Combination of OXA and Curcumin in OXA-sensitive and –resistant CRC cell lines.(a) Graphic representation of the Combination Index (CI) values corresponding to different OXA plus Curcumin (CURC) treatment schedules in the HTOXAR3 cell line. (b) Bar graphs representing mean ± SEM percentage of cell viability after a 24-hour treatment with OXA, Curcumin or their concomitant combination at the indicated doses in HT29 and HTOXAR3 cells (c). *p-value < 0.05; **p-value < 0.01; ***p-value < 0.001 relative to the indicated treatment condition. (d) OXA doses (mean ± SEM) corresponding to indicated inhibitory concentrations (IC) in HT29 and HTOXAR3 cells as a single agent or when combined with Curcumin concomitantly for 24 h. (e) OXA and Curcumin doses (mean ± SD) corresponding to the indicated inhibitory concentrations (IC) when given as single agents or in a 24 h-concomitant schedule in HT29 and HTOXAR3. CI represents the combination index values in each case. Synergistic values (CI < 1) are highlighted in green. (f) Bar graph representing the percentage (mean ± SEM) of colonies in HT29 and HTOXAR3 cells after 24 h of the indicated treatments. *p-value < 0.05; **p-value < 0.01; ***p-value < 0.001 relative to NT (Non-treated cells). #p-value < 0.05 relative to OXA individual treatment. *p-value < 0.05 as compared to HT29. (g) Bar graph representing the percentage (mean ± SEM) of dead cells after 24, 48 and 72 h of treatment with OXA, Curcumin or their combination (as compared to non-treated controls) at their corresponding IC50 doses in HT29 and HTOXAR3 cell lines. *p-value < 0.05; **p-value < 0.01, relative to NT. #p-value < 0,05, relative to Curcumin individual treatment.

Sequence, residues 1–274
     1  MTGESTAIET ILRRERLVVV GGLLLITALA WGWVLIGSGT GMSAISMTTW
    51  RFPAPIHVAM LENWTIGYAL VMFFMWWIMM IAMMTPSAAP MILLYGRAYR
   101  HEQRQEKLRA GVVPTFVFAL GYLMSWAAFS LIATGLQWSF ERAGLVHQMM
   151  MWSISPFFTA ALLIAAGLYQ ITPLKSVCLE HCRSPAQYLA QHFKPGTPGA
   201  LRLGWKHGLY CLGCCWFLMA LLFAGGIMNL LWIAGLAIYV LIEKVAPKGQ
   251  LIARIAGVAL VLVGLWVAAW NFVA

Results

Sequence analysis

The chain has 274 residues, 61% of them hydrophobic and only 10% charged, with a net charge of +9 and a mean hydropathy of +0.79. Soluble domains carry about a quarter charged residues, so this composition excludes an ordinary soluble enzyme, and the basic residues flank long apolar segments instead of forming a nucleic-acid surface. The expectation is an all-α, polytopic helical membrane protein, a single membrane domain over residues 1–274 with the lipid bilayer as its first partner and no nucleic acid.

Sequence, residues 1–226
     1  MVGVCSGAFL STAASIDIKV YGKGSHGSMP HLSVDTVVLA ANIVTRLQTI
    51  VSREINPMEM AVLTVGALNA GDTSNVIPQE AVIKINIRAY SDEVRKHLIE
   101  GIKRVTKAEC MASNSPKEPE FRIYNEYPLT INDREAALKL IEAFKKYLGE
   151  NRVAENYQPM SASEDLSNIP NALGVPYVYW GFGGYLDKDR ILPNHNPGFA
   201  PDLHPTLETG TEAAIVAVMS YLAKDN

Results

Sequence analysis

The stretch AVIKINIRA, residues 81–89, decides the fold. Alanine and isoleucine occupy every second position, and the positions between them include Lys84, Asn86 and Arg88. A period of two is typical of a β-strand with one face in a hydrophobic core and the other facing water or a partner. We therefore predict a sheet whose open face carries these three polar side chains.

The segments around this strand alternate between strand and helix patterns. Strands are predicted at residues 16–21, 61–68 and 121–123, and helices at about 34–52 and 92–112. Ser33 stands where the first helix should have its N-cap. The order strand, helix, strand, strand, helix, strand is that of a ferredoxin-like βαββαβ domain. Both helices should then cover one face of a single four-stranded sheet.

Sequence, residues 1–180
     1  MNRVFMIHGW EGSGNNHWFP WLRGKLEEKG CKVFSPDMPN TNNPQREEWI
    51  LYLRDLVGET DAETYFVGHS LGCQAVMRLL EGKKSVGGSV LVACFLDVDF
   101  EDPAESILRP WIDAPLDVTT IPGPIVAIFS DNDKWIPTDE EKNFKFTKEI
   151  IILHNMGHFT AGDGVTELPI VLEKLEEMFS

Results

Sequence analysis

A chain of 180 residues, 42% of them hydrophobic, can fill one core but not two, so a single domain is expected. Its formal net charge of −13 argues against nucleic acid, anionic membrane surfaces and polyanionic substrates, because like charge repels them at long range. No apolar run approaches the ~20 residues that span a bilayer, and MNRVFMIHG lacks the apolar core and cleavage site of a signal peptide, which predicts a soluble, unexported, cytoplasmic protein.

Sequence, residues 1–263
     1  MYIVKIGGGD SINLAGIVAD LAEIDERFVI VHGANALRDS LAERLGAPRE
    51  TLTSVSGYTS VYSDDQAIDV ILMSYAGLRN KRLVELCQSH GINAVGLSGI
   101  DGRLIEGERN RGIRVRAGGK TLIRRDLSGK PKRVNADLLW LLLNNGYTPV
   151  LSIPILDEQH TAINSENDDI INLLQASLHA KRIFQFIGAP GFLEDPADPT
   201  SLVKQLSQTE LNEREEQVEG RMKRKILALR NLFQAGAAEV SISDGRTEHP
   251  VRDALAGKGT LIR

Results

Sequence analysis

© Copyright Policy - open-access
Related In: Results  -  Collection

License
getmorefigures.php?uid=PMC4835769&req=5

f3: Combination of OXA and Curcumin in OXA-sensitive and –resistant CRC cell lines.(a) Graphic representation of the Combination Index (CI) values corresponding to different OXA plus Curcumin (CURC) treatment schedules in the HTOXAR3 cell line. (b) Bar graphs representing mean ± SEM percentage of cell viability after a 24-hour treatment with OXA, Curcumin or their concomitant combination at the indicated doses in HT29 and HTOXAR3 cells (c). *p-value < 0.05; **p-value < 0.01; ***p-value < 0.001 relative to the indicated treatment condition. (d) OXA doses (mean ± SEM) corresponding to indicated inhibitory concentrations (IC) in HT29 and HTOXAR3 cells as a single agent or when combined with Curcumin concomitantly for 24 h. (e) OXA and Curcumin doses (mean ± SD) corresponding to the indicated inhibitory concentrations (IC) when given as single agents or in a 24 h-concomitant schedule in HT29 and HTOXAR3. CI represents the combination index values in each case. Synergistic values (CI < 1) are highlighted in green. (f) Bar graph representing the percentage (mean ± SEM) of colonies in HT29 and HTOXAR3 cells after 24 h of the indicated treatments. *p-value < 0.05; **p-value < 0.01; ***p-value < 0.001 relative to NT (Non-treated cells). #p-value < 0.05 relative to OXA individual treatment. *p-value < 0.05 as compared to HT29. (g) Bar graph representing the percentage (mean ± SEM) of dead cells after 24, 48 and 72 h of treatment with OXA, Curcumin or their combination (as compared to non-treated controls) at their corresponding IC50 doses in HT29 and HTOXAR3 cell lines. *p-value < 0.05; **p-value < 0.01, relative to NT. #p-value < 0,05, relative to Curcumin individual treatment.